Yesterday (14th October) was the anniversary of the Battle of Hastings in 1066. English Heritage presented a re-enactment of the battle on the 11th-12th October at Battle Abbey and battlefield in Sussex, and a ‘King Harold Day’ was held on the 11th October at Waltham Abbey in Essex. Also yesterday, the BBC posted a news item on their web-site titled ‘King Harold “may have survived Battle of Hastings” claim’. King Harold was killed at the Battle of Hastings and it is thought that he was buried at Waltham Abbey along with two of his five brothers (although a site in Sussex is also suggested). (The two brothers were Leofwin, Earl of Kent and Gyrth, then Earl of Essex, and they were also killed at the Battle of Hastings.) The news item is about the survey which is being undertaken in the grounds of Waltham Abbey to discover Harold’s remains, by the same survey team which worked on the site in Leicester where the remains of Richard III were found in 2012. Harold II or Harold Godwinson was king of England from the 6th January 1066 until his death at the battle.
One of Harold’s titles was ‘Earl of Essex’, and he held a number of manors in Essex, including Brightlingsea, Lawford, Lexden, Writtle, Havering, Hatfield Broad Oak, Maldon, Latchingdon, the Rodings, Great Chesterford, Great Sampford, Wethersfield, Benfleet, Fingrith in Blackmore, Childerditch, Margaretting, Studly in Woodham Ferrers, Rickling, Newport, Woolston in Chigwell, Steeple, and Waltham. Colchester was a royal vill and burh. Harold rebuilt the church at Waltham and endowed it as a ‘college’ (later the abbey) in 1060. Waltham Abbey eventually became the most important Augustinian abbey in England and Waltham itself became ‘Waltham Abbey’.
In September 1066, a force led by the King of Norway, aided by another of Harold’s brothers, invaded England in the north, but Harold defeated them on the 25th September at the Battle of Stamford Bridge, near York. The Normans, led by William, Duke of Normandy, landed at Pevensey on the 28th September. Harold and his force headed south to tackle these invaders. On the 6th October, Harold stopped at Waltham to conduct negotiations with William in Hastings. Then he led his force to confront the Normans and was defeated at the Battle of Hastings. William the Conqueror – William I – was crowned king of England on the 25th December at Westminster Abbey in London.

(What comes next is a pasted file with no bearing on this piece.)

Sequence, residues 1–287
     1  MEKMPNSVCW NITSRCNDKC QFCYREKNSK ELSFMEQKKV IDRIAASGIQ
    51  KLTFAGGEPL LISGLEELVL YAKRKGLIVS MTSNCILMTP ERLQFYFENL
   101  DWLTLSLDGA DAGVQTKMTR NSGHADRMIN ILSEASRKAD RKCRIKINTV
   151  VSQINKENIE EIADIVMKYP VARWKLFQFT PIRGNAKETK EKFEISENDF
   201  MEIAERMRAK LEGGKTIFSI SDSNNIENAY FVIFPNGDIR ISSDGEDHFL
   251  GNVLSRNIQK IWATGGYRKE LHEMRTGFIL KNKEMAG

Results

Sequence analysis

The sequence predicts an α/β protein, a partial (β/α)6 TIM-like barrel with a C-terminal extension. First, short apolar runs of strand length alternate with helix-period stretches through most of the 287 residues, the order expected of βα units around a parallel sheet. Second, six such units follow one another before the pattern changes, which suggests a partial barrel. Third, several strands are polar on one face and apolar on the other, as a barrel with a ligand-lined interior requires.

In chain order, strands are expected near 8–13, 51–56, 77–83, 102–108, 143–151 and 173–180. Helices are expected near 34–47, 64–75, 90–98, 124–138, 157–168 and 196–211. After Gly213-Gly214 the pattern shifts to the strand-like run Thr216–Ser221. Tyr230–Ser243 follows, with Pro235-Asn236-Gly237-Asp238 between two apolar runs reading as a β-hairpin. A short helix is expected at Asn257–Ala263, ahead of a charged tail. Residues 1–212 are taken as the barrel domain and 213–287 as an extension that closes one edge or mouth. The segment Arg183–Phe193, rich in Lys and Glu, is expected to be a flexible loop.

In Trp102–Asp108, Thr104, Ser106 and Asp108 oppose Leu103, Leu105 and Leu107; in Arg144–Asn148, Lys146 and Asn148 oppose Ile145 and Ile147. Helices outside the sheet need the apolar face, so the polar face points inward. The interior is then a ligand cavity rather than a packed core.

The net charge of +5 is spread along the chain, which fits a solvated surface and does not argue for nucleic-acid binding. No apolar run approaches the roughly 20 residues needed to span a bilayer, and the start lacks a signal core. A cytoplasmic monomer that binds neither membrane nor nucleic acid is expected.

The Trust is currently conducting an excavation at Brightlingsea, one of Harold’s royal manors, and our discoveries include evidence of an Anglo-Saxon farmstead. We recently undertook fieldwork on a site to the rear of 97 High Street in Colchester, near Colchester Castle, and there we uncovered important evidence of Norman works in the town after the Conquest. The works seem to have included the demolition of surviving Roman remains and the construction of a defensive earthwork to the castle. Colchester is associated with Eudo de Rie, an important member of William the Conqueror’s ruling elite. He built Colchester Castle (started in circa 1074), and it was deliberately sited on the remains of the Roman Temple of Claudius and also, perhaps, where the centre of the pre-Conquest royal manor was. Colchester Castle is the largest Norman keep in England and it is similar to the royal White Tower at the Tower of London. The original line of Colchester High Street was altered by the Normans so that they could construct the outer bailey of the castle. Eudo also founded St John’s abbey in Colchester: both the castle and the abbey were part of the Norman system of power and control. Colchester has its own high-status historic burial: Eudo was buried at St John’s abbey in 1120. The Trust has conducted several fieldwork projects within the site of St John’s abbey in the past few years, and we have identified the site of the abbey church, but we have not found Eudo’s grave.
The effects of the Norman Conquest on Colchester can be interpreted as both positive and negative; for example, the castle itself was probably built by forced labour of local people and using money levied from the inhabitants. But, in the long term, it probably contributed to the development of Colchester.
‘… In the years after 1066 the towns of Saxon England were subjected to a whirlwind programme of castle-building as William the Conqueror sought to suppress the populations of regional centres, creating a network of fortified power-bases which dominated the pattern of communications and government nationwide. These castles disrupted urban road networks, infringed on ecclesiastical property, displaced housing, and doubtless overawed civilian populations …
Imposed within extant communities, urban castles also fulfilled important administrative, economic and legal functions, and many of these centres emerged as county towns …’ – by O H Creighton, 2003, at www.historytoday.com/oh-creighton/castles-lordship-and-settlement-norman-england-and-wales
Read the BBC item at www.bbc.co.uk/news/uk-england-sussex-29612656
All the Trust’s reports on our fieldwork projects are published online at http://cat.essex.ac.uk/ .
The image shows the coronation of Harold in the Bayeux Tapestry.